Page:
In this step, the look-up table can be populated with ADC_OUT and DAC_IN values. In full calibration mode, as described above, ADC_OUT and DAC_IN values may be populated for all corresponding VGA gain settings, whereas in the on-the-fly case, the look-up table entry corresponding to only the current VGA setting can be updated. In one particular example, first a setting of D_GAIN can be made (e.g., to the last row in Table 1). Next, at t=0, a setting of DAC_IN=2, or some other experimentally determined and/or relatively small gain value, can be made. A general flow including three steps can be as follows, where this process may be repeated until D_GAIN=02 h (e.g., the first row in Table 1). Further, if ADC_OUT(D_ADC_SETTLE)<16 while DAC_IN=31, this can suggest that the DAC range is insufficient at relatively low gain.
As discussed above, for “on-the-fly” calibration, a row index in Table 1 having a D_GAIN value that is closest to a current D_GAIN value can be identified. Next, calibration can be performed for the current VGA gain, as described in the gain calibration section above. Finally, restoration can be performed. However, if some outside event (e.g., RGATE, SGATE, etc.) comes before ADC_OUT is read out at t=D_ADC_SETTLE, such on-the-fly calibration may be stopped, and restoration may be started.
Referring now to
The step of characterizing an analog-to-digital converter (ADC) output for an input signal, and determining a settle time for the ADC reaching a steady-state (604) can include setting a gain calibration signal to a middle setting in a gain table and an adjustment signal to a middle value, summing a plurality of ADC output signals, and adjusting the gain calibration signal or the ADC output signal in response to the summation. If the result of the summation indicates that the ADC output value has settled, the settled value and the settled time are recorded. If the result of the summation indicates that the gain calibration signal is above or below a certain range, the gain calibration signal is adjusted accordingly and this step is repeated.
The step of determining a residual value and delay after removing the input signal (606) can include maintaining a gain calibration signal value from step 604 above, setting an adjustment signal to zero, reading the ADC output signal after a predetermined number of clock cycles (e.g., the settle time as determined in step 604 above), storing the value of the output signal, setting the adjustment signal to a middle value, and determining and recording the time at which the ADC output signal approaches the settle value as determined in step 604 above.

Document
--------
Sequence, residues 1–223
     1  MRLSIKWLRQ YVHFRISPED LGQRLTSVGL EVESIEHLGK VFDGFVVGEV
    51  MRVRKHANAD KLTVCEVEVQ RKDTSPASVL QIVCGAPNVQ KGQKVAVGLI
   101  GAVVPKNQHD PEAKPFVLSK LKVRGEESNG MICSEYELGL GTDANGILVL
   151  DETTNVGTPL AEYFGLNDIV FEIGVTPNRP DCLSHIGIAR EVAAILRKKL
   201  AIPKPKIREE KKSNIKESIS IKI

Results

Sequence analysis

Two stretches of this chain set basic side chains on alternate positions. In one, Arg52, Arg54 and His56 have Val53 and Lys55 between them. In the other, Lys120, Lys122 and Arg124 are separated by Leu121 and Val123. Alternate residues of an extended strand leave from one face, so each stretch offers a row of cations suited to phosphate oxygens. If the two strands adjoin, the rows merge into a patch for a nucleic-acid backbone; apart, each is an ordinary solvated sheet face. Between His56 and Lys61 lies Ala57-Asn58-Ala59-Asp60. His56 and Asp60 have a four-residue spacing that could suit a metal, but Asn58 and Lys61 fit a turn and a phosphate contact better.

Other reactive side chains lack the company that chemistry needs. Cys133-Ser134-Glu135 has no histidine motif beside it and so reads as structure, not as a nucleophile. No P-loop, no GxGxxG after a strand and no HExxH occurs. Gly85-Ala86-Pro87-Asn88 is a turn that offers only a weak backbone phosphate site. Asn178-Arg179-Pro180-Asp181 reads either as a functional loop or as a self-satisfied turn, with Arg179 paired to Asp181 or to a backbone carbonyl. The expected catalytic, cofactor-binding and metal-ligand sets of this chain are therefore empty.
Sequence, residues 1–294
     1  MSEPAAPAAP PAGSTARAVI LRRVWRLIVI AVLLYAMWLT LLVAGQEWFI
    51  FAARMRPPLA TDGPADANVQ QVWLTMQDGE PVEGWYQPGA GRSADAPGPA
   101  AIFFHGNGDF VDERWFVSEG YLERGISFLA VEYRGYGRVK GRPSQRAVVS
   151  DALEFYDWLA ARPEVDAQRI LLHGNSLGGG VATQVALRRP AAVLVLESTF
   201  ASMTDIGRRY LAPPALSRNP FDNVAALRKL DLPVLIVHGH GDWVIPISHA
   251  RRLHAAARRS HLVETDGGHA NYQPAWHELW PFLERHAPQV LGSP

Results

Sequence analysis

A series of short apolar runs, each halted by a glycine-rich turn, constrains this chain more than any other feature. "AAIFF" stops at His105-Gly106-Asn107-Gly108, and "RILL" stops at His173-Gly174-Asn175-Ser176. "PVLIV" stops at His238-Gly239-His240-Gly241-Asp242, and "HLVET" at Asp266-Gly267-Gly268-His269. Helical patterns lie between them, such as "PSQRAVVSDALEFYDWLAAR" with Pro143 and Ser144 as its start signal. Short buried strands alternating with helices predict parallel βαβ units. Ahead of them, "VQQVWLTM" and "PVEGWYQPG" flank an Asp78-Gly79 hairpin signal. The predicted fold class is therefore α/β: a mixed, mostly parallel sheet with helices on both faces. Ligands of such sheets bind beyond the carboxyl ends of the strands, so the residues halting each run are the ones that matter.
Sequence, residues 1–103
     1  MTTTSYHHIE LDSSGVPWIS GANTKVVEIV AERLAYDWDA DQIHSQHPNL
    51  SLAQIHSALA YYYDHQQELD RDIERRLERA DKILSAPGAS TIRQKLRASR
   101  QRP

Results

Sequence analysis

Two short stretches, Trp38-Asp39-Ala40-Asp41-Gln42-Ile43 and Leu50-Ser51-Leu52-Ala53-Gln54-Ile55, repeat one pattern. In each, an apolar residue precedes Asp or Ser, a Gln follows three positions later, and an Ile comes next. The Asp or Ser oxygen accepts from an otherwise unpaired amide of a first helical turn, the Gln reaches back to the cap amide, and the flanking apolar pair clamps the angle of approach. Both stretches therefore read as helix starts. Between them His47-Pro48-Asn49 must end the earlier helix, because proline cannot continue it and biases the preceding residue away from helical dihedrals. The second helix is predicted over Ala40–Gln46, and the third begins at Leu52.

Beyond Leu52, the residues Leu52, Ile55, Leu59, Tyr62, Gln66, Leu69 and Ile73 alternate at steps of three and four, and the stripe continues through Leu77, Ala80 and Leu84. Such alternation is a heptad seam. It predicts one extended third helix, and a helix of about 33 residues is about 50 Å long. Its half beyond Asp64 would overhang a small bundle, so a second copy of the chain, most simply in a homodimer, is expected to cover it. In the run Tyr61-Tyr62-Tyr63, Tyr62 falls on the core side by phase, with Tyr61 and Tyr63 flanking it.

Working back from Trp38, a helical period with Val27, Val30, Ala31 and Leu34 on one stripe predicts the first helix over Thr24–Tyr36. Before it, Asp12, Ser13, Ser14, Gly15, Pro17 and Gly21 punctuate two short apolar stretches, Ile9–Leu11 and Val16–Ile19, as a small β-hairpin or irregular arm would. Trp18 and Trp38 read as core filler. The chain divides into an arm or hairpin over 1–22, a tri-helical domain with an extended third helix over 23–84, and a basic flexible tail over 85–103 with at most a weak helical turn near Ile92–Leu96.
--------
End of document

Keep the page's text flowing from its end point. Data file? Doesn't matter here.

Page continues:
A gain can be calibrated for a correction signal by entering values in a look-up table (608), and this step can include indexing the table by a first gain setting, reading the ADC output signal, determining if the output of the ADC is one of a first set of values, and if so, writing a derived value therefrom into the look-up table, and if not, doubling an adjustment signal, and decreasing the gain to a next smaller value, and repeating the step of reading the ADC and determining if the output is of a first set of values. As such, until the table has been filled (e.g., indicating that all gain entries have been calibrated), the step of reading and determining the ADC output signal will repeat, each time with a different gain value. In on-the-fly calibration, the gain entry corresponding to the current VGA gain setting may be calibrated alone, without calibrating the gain for the entire table.
Exemplary Systems Using the Present Circuit
In a further aspect of the invention, a system may comprise the present apparatus or circuit for charge based correction of baseline wander. Various exemplary implementations of the present invention are shown in
Referring now to
The HDD 900 may communicate with a host device (not shown) such as a computer, mobile computing devices such as personal digital assistants, cellular phones, media or MP3 players and the like, and/or other devices via one or more wired or wireless communication links 908. The HDD 900 may be connected to memory 909 such as random access memory (RAM), low latency nonvolatile memory such as flash memory, read only memory (ROM) and/or other suitable electronic data storage.